There are photographs that refuse to tell stories; instead, they poke fun and provoke questions by pulling the curtain back on image making. For example, Stephen Shore’s image of a billboard parked in the middle of a dry, weedy Oregon landscape, U.S. 97, South of Klamath Falls, Oregon, July 21, 1973 (1973).
A photograph of a picture within a picture, the deadpan image teases the once majestic tradition of American landscape photography while also giving the medium the third degree. The most frequently reproduced image from Shore’s eponymous survey currently on show at MoMA (“Stephen Shore”, until 28 May), it is the opposite of a gauzy paean to the American sublime à la Ansel Adams or Minor White (Shore’s teacher). With its Walt Whitmanesque embrace of color—which was once frowned upon by an earlier generation of serious photographers—and its celebration of everyday observation, this photograph is a pithy and sharp-eyed interrogation of the commonplace.
In Klamath Falls, nature is occluded by its own representation. It features acres of flat scrubland, two lines of receding wooden posts, a distant mountain range, the estranging billboard and a battery of fluffy clouds that radiate over a blue sky like the spokes of a bicycle wheel.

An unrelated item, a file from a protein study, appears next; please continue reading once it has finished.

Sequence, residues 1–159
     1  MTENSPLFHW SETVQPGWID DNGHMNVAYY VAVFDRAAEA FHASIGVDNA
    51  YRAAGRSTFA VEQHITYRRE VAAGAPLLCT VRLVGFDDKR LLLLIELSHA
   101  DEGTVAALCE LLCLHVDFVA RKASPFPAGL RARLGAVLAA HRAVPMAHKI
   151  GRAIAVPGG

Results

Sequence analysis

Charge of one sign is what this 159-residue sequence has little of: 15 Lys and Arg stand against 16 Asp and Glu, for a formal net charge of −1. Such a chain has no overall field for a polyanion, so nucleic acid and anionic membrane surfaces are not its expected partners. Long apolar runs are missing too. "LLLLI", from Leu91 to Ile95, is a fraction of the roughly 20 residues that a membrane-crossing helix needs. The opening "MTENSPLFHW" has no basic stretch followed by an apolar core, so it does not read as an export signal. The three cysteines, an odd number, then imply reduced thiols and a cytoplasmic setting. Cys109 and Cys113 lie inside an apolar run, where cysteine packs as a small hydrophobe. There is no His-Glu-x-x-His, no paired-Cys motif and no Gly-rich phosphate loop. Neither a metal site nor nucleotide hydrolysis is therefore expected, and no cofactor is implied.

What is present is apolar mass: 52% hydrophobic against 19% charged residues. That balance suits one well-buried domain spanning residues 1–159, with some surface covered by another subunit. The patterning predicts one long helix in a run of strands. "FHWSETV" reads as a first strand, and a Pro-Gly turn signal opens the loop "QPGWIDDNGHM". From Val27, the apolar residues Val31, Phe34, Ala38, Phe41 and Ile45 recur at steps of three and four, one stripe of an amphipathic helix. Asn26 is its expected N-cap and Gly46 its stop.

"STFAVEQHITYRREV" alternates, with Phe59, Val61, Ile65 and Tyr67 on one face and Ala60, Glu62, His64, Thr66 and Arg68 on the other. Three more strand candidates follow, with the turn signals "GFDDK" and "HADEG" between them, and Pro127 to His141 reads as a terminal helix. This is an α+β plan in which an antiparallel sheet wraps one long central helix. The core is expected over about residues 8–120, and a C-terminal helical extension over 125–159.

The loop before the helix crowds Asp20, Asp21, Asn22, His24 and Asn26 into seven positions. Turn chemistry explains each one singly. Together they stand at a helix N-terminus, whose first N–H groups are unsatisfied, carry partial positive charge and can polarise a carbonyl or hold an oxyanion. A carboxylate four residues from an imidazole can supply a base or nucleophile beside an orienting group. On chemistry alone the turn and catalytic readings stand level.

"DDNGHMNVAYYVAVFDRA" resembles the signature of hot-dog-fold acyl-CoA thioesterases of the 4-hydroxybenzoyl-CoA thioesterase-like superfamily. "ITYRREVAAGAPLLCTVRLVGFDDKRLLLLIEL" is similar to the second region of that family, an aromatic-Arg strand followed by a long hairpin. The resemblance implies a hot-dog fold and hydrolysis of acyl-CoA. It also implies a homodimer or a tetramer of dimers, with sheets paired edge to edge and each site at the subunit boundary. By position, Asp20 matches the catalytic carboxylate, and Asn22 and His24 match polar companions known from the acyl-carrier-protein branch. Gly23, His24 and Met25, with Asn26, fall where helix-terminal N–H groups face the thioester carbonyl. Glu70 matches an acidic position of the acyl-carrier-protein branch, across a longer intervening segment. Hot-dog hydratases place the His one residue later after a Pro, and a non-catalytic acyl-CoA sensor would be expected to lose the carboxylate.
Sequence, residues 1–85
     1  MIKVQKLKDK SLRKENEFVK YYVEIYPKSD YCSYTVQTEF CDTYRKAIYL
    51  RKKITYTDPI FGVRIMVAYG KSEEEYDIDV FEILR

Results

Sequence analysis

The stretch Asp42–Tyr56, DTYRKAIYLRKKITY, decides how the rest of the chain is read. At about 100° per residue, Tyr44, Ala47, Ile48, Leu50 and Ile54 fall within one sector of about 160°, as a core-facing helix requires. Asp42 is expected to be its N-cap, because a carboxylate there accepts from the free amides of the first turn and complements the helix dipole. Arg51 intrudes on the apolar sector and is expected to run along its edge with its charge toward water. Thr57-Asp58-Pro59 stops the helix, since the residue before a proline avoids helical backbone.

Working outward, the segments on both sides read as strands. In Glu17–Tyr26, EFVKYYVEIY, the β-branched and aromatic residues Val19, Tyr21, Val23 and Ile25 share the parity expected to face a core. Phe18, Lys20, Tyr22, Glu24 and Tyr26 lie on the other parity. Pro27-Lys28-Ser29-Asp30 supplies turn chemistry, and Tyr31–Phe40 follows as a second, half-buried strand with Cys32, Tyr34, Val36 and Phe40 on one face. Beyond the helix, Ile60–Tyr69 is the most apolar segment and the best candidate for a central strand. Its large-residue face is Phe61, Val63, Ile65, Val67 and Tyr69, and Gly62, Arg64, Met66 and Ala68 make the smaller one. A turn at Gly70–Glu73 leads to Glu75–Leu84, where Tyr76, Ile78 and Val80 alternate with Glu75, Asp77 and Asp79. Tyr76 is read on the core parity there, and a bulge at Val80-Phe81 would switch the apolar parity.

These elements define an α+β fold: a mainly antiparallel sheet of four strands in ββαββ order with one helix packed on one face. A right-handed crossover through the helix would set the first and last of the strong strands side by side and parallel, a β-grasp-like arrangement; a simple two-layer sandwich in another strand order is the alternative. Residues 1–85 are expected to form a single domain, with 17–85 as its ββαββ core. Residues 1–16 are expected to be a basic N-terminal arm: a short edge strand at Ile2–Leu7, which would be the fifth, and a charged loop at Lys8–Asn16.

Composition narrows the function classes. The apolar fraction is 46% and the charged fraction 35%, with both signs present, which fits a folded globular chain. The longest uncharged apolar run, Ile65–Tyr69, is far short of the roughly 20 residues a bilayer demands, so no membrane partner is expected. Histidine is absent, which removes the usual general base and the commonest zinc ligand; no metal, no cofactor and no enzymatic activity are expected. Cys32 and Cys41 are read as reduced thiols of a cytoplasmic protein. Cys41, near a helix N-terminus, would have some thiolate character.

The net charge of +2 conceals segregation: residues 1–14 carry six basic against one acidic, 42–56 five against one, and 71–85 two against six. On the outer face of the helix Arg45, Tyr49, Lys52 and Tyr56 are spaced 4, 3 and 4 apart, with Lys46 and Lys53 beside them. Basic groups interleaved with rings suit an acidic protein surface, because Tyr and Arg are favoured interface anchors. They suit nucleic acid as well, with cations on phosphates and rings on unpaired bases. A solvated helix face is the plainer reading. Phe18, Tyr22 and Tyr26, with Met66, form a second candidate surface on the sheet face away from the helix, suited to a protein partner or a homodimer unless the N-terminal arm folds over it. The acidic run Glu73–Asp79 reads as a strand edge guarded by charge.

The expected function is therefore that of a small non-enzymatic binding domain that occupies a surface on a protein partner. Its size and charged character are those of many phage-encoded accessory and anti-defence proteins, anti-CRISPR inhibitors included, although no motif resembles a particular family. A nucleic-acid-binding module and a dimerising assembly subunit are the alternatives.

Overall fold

The sign, which carries the idealized image of a snowcapped Mount Hood (around 250 miles away), is made daftly enigmatic by the redaction of an accompanying block of text in darker blue. Whatever the original message, its erasure evokes René Magritte’s brain-teaser about the treachery of representation: Ceci n’est pas une mountain.
It is just one of the hundreds of photographs included in the MoMA exhibition that trace the career of Shore, one of America’s most influential photographers. Other works on show include photographs of landscapes, highways, motel rooms, diner breakfasts, bathrooms, gas stations and architectural digs, among a lifetime of other plainspoken subjects.
These pictures are intended to parse the grammar of photography while registering what Walker Evans once referred to as the “deep beauty in things as they are”. Together they signal less a style than a set of impartial photographic principles: Shore’s quest for maximum clarity; his rejection of retouching and reframing; the abandonment of flash for the use of natural light; his yeoman-like discipline—one shot of each subject, no editing after.
Shore’s camerawork has been described as exemplifying the art of transparency. There are no heroics in Klamath Falls, for instance. It’s just a radiantly crystalline picture of a billboard in front of a postcard-like background which sparks questions about what, and how, we see.